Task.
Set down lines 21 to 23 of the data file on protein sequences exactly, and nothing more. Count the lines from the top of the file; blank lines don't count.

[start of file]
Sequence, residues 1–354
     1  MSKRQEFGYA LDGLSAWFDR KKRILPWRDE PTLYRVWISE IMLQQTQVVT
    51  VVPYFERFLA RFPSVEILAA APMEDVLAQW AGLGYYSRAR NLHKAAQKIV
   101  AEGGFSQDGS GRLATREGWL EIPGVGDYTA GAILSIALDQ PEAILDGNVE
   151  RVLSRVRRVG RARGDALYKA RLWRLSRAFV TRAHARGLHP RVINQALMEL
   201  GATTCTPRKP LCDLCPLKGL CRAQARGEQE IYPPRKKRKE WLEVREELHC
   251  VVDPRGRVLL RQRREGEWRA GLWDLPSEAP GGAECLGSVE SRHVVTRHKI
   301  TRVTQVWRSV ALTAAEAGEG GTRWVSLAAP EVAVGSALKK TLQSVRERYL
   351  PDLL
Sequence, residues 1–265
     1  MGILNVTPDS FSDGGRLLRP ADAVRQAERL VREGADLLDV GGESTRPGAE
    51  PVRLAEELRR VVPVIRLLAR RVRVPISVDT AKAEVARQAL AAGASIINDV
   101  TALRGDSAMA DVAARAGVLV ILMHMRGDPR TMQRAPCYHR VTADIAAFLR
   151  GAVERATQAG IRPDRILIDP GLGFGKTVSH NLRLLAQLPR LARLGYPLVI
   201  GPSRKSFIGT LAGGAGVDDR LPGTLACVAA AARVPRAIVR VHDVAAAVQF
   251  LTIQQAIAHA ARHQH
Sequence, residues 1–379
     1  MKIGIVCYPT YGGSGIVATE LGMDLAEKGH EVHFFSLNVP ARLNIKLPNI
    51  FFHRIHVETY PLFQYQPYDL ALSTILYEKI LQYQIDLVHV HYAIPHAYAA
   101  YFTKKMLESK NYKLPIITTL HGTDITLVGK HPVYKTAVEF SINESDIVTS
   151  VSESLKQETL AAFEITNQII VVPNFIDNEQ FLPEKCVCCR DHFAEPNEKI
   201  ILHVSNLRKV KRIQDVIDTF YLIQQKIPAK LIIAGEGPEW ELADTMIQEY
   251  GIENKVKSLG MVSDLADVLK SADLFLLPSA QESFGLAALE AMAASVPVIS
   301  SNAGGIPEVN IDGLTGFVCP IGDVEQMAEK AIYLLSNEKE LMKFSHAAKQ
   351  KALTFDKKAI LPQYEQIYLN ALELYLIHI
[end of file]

   151  VSESLKQETL AAFEITNQII VVPNFIDNEQ FLPEKCVCCR DHFAEPNEKI
   201  ILHVSNLRKV KRIQDVIDTF YLIQQKIPAK LIIAGEGPEW ELADTMIQEY
   251  GIENKVKSLG MVSDLADVLK SADLFLLPSA QESFGLAALE AMAASVPVIS